Crucifixion was a form of state torture. It was not meant to kill quickly. Its purpose was to degrade and humiliate a person utterly, to reduce them to a non-person.
The most popular model for understanding the meaning of Jesus' crucifixion in American piety is the penal substitutionary theory of atonement. Beginning when Adam and Eve ate from the tree of the knowledge of good and evil, humans have arrogantly rebelled against God and broken God's laws. These evil acts alienate them from a righteous God, and for them they justly deserve the punishment of death. But in God's mercy, God takes our own place as the one who is punished. God sends the Son to earth to be a substitute for us. Though innocent, Jesus is punished vicariously, and takes our death upon himself. The glorious nature of his obedience and the depth of his suffering and death satisfy the demands of divine justice, allowing the righteous God to forgive guilty sinners and reconcile with us.
This view of God's saving work in Christ is deeply problematic, in two ways. In its portrayal of God, it mixes love with rage and violence. God is enraged at us enough to kill us. Yet God nevertheless loves us enough to send the Son to die for us. God's love is qualified, surrounded at all points by the Father's rage and threats of condemnation, violence, death, and eternal rejection.
Further, by portraying God as ambivalent and violent toward us, the model functions to support violence. For persons already shamed, it deepens it. Their "badness" as persons was the cause of the Father sending the Son to be brutalized. For victims of trauma, it prevents them from getting out of abusive relationships and blocks their healing. The traumatic experience shatters the victim's self, disempowering them. They become isolated, cut off from family and friends. They are told they deserve the suffering because they are "bad." When love and punishment are both present, the effect is worse. For such persons, the penal substitutionary theory of atonement sends these messages: The suffering of the innocent will save someone—the perpetrator, the victim, or God. God supports it. And the ultimate Christian virtue, love, is interpreted as selflessness. With this myth of redemptive violence, it finally functions to sanction human violence in the penal system and in international relations.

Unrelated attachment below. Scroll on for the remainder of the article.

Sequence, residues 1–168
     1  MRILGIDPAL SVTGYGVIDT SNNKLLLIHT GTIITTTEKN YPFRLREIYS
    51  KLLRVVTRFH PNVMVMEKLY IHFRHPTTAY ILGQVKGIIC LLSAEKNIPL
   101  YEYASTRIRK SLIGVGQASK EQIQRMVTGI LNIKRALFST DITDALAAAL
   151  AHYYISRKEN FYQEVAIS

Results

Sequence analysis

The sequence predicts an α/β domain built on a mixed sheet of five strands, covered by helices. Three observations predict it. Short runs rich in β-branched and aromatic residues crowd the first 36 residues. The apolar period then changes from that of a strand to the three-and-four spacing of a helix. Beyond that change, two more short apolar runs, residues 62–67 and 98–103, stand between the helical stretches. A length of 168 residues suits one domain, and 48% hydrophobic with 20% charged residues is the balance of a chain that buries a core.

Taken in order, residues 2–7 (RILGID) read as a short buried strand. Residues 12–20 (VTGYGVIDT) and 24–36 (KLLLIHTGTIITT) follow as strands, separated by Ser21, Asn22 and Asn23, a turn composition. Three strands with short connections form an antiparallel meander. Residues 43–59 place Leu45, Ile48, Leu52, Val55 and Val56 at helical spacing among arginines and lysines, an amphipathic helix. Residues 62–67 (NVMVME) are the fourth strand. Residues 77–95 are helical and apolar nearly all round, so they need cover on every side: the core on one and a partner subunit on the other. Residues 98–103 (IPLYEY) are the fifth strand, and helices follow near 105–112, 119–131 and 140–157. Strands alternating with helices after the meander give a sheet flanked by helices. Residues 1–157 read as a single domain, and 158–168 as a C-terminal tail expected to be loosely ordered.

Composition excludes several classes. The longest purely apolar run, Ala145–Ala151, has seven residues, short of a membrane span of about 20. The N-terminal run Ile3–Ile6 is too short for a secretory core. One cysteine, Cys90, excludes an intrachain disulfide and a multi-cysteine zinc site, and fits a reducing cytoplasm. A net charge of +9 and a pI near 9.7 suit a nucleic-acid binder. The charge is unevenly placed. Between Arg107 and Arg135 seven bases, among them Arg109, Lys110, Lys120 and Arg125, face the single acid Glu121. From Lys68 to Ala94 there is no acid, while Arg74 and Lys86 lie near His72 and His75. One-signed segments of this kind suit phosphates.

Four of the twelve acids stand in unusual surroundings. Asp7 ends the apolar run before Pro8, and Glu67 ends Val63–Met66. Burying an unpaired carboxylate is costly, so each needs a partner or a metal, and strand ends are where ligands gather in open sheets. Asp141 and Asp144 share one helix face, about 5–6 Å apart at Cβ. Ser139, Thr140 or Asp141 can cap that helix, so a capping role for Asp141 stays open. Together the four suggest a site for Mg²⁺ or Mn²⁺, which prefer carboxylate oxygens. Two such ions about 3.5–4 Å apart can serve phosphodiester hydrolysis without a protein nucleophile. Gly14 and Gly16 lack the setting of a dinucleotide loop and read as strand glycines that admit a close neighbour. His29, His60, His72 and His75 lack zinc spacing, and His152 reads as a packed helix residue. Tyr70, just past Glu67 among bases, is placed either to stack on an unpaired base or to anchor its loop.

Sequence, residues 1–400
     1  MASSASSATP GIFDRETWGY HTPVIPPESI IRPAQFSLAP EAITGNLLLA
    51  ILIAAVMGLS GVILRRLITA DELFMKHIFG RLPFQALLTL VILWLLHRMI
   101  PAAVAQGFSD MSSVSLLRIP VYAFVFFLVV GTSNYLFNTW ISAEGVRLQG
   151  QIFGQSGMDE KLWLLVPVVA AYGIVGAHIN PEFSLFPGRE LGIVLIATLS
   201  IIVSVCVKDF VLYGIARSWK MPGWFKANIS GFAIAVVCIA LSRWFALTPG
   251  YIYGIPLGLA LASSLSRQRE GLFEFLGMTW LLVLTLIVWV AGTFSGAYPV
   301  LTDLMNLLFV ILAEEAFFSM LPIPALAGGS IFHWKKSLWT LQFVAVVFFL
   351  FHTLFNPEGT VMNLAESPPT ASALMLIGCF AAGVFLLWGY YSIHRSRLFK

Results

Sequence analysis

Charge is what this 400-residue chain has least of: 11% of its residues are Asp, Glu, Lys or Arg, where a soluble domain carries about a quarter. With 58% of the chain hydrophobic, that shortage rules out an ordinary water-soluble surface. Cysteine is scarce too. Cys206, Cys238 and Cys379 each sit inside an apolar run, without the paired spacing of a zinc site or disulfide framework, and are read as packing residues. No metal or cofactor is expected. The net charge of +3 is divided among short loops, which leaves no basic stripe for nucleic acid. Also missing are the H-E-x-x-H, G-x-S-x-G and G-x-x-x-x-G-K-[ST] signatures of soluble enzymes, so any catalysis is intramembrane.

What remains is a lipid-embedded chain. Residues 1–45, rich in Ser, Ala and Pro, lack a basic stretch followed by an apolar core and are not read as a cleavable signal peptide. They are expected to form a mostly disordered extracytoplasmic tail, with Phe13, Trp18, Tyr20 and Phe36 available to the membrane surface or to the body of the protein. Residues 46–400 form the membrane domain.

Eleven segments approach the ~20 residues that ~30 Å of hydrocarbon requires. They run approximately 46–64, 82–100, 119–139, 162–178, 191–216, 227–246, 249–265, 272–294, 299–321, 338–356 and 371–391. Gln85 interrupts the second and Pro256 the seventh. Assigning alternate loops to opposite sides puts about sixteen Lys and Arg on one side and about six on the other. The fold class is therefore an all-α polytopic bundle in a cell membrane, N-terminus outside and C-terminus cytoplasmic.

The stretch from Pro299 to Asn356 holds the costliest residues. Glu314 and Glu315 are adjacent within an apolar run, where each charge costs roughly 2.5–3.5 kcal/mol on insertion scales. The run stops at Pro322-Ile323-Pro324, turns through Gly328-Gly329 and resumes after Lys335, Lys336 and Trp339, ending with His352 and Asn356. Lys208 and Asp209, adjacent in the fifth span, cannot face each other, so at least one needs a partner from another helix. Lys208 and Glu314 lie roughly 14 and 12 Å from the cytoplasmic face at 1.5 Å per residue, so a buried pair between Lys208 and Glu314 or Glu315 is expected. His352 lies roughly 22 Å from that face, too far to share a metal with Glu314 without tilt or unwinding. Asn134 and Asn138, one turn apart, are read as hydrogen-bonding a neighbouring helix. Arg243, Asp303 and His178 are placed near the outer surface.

Many progressive Christians counter this destructive interpretation of the cross by rejecting the doctrine of atonement altogether. Jesus saves us through his life, not his death. He passes on to us what he had—his passion, moral sensibility and wisdom for how to live. On Good Friday, humans reflected their worst behavior and executed a good man. Jesus' crucifixion is not salvific at all.
This view has its own problems, however. Beyond conflicting with the tradition, it has a hard time connecting with the gospels, which place the passion narrative at the heart of the saving work Jesus accomplished. It misses the one great strength of the penal substitutionary model: The idea that Jesus does not merely point us toward a method we can use to save ourselves. Rather, he accomplishes salvation, and enables us to participate in that definitive change in the human situation.
There is a third way, one that combines the strengths of both extreme models above, while avoiding their serious weaknesses. In Part III of my recent book on atonement, I argue for this third way. In it, I concur with the sharp critics of penal substitution. God is non-ambivalent and nonviolent, loving us with an unqualified love, one not surrounded by threats of condemnation, violence, rage, and death.Yet I also concur with the tradition: Burdened underneath the weight of sin, suffering, and tragedy, we human beings need a savior. And the gospel news is that we are saved by One outside ourselves—Jesus. This third approach entails the keeping of tensions present within the gospels' stories of the cross. God is holy, but the holiness of God is present most in the mercy of God. What happens on the cross saves the world, and it ought not to have happened. The way Jesus died saved the world, but so did the way he lived. In Jesus' work, salvation is a finished act, yet it is not one that happens "over our heads." It inspires the human response of personal and social transformation. Jesus saves, and the Holy Spirit saves.
Retaining these tensions found in the gospel stories produces models of atonement that are more complex than the two models above. But they are closer to the tradition, truer to the New Testament, and resonate more fully with our human experience of human frailty and God's salvific power. Though more complicated, these "third way" models make Jesus' crucifixion, while a horrific event, understandable and hope-filled.